Gmail attack hits senior US officials

Google said Wednesday that hackers in China have gained access to hundreds of Gmail accounts, including those of senior U.S. government officials.

"This campaign, which appears to originate from Jinan, China, affected what seems to be the personal Gmail accounts of hundreds of users including, among others, senior U.S. government officials, Chinese political activists, officials in several Asian countries (predominantly South Korea), military personnel and journalists," said Eric Grosse, engineering director for Google's security team.

Google pointed to China as the origin of another attack on its systems last year, increasing the tension between the search giant and Chinese authorities. China's Foreign Ministry denied responsibility for the attack on Thursday.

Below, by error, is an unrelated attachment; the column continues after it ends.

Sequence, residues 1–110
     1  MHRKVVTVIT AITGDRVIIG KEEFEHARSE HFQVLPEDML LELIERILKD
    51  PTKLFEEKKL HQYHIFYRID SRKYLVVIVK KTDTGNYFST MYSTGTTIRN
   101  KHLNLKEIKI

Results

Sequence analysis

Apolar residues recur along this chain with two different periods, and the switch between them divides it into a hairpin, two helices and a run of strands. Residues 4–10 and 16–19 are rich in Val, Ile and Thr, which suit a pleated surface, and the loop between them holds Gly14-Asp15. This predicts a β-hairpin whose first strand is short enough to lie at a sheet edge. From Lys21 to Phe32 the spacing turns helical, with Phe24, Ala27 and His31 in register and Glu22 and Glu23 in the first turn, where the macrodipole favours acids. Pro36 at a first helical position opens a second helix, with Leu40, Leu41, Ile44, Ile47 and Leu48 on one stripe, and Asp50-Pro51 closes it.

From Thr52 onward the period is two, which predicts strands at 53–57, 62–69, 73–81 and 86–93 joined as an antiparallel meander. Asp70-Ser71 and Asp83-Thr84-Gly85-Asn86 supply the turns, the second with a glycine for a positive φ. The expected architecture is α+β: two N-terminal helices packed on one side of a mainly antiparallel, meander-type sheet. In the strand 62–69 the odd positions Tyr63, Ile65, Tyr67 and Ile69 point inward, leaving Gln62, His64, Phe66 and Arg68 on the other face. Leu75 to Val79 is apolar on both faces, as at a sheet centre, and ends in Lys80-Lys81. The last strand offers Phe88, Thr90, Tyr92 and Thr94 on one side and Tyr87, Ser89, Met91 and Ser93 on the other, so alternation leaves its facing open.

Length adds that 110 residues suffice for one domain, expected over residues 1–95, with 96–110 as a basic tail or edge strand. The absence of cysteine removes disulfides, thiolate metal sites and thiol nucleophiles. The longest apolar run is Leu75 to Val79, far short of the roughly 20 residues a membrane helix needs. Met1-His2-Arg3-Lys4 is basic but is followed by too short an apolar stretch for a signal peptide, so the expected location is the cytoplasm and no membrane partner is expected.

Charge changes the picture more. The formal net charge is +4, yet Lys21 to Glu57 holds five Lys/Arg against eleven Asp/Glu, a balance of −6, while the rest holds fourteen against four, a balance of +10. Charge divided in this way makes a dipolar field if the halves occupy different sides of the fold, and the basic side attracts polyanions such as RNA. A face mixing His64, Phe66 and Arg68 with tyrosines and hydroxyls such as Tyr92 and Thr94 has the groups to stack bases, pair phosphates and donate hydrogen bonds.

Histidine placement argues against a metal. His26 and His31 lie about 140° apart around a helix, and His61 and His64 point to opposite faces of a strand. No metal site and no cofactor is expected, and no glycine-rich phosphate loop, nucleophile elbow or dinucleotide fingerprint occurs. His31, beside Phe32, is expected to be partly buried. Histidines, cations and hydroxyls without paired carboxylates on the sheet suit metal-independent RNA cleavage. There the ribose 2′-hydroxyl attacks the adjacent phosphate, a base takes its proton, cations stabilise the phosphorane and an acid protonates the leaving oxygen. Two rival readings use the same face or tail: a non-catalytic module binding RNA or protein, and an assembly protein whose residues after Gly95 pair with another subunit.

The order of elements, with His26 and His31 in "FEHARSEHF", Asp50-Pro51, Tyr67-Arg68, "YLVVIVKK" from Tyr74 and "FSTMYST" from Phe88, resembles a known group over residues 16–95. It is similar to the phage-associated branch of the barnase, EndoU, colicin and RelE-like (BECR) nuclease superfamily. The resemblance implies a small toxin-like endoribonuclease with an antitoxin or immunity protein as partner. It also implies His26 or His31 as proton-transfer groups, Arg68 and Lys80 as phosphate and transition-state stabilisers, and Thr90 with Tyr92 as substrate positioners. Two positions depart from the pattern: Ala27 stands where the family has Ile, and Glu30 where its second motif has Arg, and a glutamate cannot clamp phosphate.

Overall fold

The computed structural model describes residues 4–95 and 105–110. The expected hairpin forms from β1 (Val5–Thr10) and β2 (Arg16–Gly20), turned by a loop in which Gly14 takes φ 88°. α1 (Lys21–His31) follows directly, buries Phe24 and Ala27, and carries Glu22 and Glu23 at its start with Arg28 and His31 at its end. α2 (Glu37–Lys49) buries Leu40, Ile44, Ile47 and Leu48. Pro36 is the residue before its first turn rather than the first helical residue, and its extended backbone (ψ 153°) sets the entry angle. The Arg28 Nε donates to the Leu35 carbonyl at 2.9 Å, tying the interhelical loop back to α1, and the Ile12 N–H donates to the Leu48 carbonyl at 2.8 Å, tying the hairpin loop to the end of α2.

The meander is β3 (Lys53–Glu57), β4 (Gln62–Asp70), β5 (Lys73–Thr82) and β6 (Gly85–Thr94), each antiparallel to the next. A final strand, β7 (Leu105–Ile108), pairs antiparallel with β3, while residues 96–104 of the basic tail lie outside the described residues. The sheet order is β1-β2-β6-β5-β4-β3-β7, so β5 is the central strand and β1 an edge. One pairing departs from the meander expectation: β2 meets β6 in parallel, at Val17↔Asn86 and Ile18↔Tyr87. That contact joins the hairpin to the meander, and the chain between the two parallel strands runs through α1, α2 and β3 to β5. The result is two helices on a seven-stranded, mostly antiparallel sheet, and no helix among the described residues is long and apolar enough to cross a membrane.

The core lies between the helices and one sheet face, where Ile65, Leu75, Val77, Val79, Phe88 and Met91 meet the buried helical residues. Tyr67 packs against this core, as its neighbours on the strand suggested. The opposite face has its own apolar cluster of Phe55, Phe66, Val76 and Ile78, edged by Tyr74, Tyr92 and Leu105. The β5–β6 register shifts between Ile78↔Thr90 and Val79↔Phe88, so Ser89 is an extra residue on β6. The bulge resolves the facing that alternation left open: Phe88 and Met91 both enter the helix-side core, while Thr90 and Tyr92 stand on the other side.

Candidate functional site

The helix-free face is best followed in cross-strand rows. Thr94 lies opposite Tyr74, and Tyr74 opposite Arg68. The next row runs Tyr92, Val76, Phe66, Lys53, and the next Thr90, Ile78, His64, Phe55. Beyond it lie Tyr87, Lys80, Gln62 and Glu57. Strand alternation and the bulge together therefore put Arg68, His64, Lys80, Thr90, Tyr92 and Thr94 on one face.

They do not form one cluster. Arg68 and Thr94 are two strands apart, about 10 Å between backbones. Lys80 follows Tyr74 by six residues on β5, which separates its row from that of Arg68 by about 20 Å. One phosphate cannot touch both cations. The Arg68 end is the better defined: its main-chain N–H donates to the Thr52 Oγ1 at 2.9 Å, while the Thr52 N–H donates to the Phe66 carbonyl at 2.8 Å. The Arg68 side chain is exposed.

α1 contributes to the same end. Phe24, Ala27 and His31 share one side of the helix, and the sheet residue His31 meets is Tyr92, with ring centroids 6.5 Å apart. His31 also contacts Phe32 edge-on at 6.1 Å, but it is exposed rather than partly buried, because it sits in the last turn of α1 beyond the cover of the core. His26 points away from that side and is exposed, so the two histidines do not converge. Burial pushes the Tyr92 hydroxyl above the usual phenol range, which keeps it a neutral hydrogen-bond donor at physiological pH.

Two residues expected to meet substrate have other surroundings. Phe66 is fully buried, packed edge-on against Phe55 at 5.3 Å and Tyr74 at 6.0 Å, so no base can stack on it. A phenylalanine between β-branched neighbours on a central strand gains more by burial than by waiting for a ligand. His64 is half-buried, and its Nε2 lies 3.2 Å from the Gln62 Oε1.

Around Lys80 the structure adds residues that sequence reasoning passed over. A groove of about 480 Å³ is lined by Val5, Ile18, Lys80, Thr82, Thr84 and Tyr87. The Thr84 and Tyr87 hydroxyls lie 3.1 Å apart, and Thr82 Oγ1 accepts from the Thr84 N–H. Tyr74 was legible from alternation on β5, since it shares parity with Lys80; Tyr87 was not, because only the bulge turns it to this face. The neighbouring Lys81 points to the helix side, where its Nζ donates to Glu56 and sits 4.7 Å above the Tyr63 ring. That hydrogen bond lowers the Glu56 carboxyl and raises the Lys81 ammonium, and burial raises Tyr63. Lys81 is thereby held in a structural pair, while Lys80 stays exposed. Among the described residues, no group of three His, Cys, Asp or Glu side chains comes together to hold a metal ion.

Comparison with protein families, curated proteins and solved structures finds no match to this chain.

The phishing scam involved tricking users into revealing their passwords so hackers could access the accounts and have copies of every message forwarded to external users. Google's announcement indicates a high degree of planning for the attack.

Google said the incident was not due to any security failure on Gmail's part, but still recommended users implement additional security measures such as switching to two-step authentication when logging into their account.